In Numbers We Trust
In the May 8th edition of Barron’s—reprinted on page 36 in this edition of Surplus Record―Thomas Donlan wrote that the 2005 cost for Medicare, Social Security, and Social Security disability programs will reach 40% of total federal revenues, and about 7% of gross domestic product. But by 2040, this number is expected to reach 14% of overall GDP. This is a huge sum by any standards, and one that is not sustainable. In his article, Donlan cites reports which claim the “unfunded promises to retirees and disabled persons have a present value of more than $39 trillion over the next 75 years.” To put that number in perspective, it represents roughly one-hundred times what Wal-Mart, one of the world’s largest companies, sells annually.
Despite the massive size of this obligation, it is a future cash need that we can predict with a strong degree of certainty thanks to the actuarial work of thousands of number crunchers who look at such metrics as the forecast number of retirees, life expectancy, and healthcare inflation (relative to overall inflation). The numbers portend a scary future for our country—but at least with this type of analysis we have the foresight to take action before it is too late. For example, one proposal that is making the rounds in Washington is to provide a set cash payment on a yearly basis to those who turn a specific age and mandate that they invest the money in retirement funds and healthcare rather than offering the promise of future government payouts in the future. This would essentially amount to a massive (four or five figure) rebate on Federal taxes each year, and would provide market-driven flexibility and returns.
Whether you agree with this idea or not, at least intelligent minds are debating what to do about our looming entitlement crisis. But the same cannot be said about many private sector companies that also have an actuarial crystal ball that is predicting a similar, scary situation down the road—and in some cases, not that far down the road. Like the Federal government, the automotive, steel, and airline industries have ignored their legacy cost structures, choosing to shun the work of actuaries whose job it is to predict with near certainty on what future cash obligations will be based. For example, in 2003 alone, pension under-funding at “major U.S. companies rose 27% to $353.7 billion” according to a Reuters news report.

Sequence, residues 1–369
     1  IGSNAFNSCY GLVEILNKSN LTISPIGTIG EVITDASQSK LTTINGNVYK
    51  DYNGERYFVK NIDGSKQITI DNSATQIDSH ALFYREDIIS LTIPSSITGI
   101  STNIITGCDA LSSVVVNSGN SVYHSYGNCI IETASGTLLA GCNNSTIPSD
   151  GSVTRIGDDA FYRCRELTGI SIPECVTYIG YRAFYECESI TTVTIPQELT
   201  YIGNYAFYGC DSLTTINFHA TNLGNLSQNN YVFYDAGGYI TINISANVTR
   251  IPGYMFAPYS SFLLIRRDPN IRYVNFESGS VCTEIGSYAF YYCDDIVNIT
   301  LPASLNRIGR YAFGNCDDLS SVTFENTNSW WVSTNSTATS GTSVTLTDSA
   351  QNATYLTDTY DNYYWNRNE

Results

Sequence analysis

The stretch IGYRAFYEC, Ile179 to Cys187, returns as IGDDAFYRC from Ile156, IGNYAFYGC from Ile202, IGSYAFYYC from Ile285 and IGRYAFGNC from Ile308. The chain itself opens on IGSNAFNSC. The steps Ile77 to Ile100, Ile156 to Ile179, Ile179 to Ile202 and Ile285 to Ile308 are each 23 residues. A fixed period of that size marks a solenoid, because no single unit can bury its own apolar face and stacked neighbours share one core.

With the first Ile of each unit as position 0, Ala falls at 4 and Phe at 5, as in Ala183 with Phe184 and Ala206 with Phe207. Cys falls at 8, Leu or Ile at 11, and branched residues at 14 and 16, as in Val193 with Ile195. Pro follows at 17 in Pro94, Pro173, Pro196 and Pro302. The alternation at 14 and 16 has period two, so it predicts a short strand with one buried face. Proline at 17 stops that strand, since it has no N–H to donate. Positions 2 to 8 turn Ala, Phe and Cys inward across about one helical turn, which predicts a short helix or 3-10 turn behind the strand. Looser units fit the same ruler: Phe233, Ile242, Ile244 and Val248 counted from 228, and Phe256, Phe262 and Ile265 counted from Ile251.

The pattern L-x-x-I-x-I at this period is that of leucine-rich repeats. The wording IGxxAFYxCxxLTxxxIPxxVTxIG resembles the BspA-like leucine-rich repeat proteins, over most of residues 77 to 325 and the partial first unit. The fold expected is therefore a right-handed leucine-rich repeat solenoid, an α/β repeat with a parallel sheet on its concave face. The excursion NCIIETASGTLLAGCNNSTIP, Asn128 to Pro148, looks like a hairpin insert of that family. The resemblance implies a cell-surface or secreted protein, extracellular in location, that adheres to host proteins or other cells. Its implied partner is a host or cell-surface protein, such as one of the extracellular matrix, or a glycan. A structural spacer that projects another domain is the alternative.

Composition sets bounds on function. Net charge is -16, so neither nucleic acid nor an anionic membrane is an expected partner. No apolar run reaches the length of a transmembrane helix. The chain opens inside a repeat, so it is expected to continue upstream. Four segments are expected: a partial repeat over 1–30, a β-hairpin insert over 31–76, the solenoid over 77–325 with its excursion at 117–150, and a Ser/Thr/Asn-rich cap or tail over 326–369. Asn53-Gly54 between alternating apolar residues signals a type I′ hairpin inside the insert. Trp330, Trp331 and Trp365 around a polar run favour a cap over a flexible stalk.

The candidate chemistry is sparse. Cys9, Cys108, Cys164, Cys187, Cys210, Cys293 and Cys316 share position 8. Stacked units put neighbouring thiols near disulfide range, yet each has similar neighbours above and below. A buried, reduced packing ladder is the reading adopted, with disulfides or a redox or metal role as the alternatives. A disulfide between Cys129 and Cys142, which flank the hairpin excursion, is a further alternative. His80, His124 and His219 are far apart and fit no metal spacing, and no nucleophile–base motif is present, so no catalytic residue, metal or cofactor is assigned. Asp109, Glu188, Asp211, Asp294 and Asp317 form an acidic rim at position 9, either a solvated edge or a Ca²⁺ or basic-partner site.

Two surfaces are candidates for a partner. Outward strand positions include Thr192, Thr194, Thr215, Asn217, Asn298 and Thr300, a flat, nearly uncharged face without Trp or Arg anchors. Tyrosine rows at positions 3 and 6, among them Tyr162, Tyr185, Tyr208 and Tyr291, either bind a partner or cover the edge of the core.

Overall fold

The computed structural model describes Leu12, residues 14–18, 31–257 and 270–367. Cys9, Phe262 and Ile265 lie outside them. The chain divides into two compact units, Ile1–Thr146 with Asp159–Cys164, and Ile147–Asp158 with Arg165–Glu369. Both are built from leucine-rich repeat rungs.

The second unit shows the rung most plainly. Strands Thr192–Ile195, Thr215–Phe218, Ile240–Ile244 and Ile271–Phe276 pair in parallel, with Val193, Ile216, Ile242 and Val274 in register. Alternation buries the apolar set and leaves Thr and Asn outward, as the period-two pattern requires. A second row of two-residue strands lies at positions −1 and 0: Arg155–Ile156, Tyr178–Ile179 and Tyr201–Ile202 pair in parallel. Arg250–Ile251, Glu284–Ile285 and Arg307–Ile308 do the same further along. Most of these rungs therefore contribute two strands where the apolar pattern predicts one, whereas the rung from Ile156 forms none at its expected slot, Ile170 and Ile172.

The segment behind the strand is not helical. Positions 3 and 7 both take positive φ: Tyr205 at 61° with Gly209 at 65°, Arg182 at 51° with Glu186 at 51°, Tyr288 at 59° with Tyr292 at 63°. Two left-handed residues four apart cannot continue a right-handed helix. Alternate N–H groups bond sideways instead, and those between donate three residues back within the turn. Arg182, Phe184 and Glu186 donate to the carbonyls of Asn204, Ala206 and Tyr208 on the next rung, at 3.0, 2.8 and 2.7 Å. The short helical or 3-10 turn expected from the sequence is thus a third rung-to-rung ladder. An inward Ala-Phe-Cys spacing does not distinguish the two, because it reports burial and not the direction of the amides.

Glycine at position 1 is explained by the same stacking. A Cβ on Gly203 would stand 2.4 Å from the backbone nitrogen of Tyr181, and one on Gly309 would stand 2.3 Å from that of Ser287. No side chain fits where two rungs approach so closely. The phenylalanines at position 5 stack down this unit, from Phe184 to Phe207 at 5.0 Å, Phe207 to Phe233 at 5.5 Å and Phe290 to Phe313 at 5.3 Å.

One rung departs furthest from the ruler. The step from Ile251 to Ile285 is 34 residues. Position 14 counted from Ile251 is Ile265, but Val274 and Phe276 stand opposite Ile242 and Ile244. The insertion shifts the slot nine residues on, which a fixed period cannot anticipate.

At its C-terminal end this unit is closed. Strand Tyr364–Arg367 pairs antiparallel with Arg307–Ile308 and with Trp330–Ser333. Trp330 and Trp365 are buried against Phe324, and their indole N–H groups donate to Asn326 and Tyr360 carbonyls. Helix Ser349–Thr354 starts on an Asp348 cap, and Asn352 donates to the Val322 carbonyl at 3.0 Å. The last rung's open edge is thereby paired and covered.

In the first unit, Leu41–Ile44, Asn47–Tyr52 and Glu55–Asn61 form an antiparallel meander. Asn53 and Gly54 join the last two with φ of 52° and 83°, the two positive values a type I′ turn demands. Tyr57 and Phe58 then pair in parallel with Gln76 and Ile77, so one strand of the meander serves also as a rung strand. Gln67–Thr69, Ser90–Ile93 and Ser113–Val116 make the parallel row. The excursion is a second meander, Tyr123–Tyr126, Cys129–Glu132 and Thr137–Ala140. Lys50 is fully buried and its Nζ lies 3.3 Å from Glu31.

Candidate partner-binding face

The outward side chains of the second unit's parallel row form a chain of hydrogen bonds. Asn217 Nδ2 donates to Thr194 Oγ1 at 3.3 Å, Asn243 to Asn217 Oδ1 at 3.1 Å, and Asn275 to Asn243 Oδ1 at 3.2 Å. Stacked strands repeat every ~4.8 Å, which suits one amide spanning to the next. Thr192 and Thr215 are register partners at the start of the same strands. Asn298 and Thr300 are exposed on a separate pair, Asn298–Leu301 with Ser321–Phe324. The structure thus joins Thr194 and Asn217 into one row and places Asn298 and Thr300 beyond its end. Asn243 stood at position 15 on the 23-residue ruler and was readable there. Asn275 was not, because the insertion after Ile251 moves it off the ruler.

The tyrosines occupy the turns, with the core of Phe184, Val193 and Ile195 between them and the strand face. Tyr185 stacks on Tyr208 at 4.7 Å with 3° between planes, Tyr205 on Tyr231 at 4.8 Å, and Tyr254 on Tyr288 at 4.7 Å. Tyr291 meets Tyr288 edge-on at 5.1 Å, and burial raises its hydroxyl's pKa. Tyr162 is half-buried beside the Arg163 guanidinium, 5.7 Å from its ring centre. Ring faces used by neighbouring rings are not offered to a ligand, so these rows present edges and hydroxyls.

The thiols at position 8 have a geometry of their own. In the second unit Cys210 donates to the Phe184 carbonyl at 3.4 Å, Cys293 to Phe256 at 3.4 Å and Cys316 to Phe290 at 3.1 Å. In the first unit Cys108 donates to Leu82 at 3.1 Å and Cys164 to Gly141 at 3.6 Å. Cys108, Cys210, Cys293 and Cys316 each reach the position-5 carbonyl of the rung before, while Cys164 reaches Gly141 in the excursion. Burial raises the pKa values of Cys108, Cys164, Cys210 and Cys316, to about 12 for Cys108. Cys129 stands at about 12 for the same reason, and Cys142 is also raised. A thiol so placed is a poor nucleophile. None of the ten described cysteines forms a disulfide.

But pension costs are only one predictable feature of future cost drivers. Labor, healthcare, and other related obligations—especially if unions are involved―represent obligations which are nearly impossible to cancel without significant penalty. Consider how Delphi, a tier one automotive supplier, currently in bankruptcy, is offering to buyout contracts for all of its union workers, representing five, six, and even seven figure offers so that these employees just walk away. Despite the costs, at least Delphi has come to terms―through bankruptcy lawyers, albeit―with its actuarial-predicted cash obligations, and is taking action as a last ditch effort to save itself.
Airlines have similar retirement and labor issues as well, but also face the additional cash challenge of oil prices. As a result, the International Air Transport Association forecasts that the industry will lose approximately $3 billion this year. Losses like this are not sustainable. But they are predictable. It is time to listen to the work of actuaries who are paid not to forecast doom and gloom scenarios, but to take an objective look at the future costs of current obligations and operating expenses. If steel executives listened to their actuaries in the past decades, they could have averted the bankruptcies that nearly destroyed the industry, enabling them to ultimately ride the wave of rising steel prices. The question is now whether our Federal government and the aviation and automotive industries will follow a similar path, or whether they can learn from the mistakes of the past. Regardless, at least one thing is for sure: we know that in numbers, we can trust.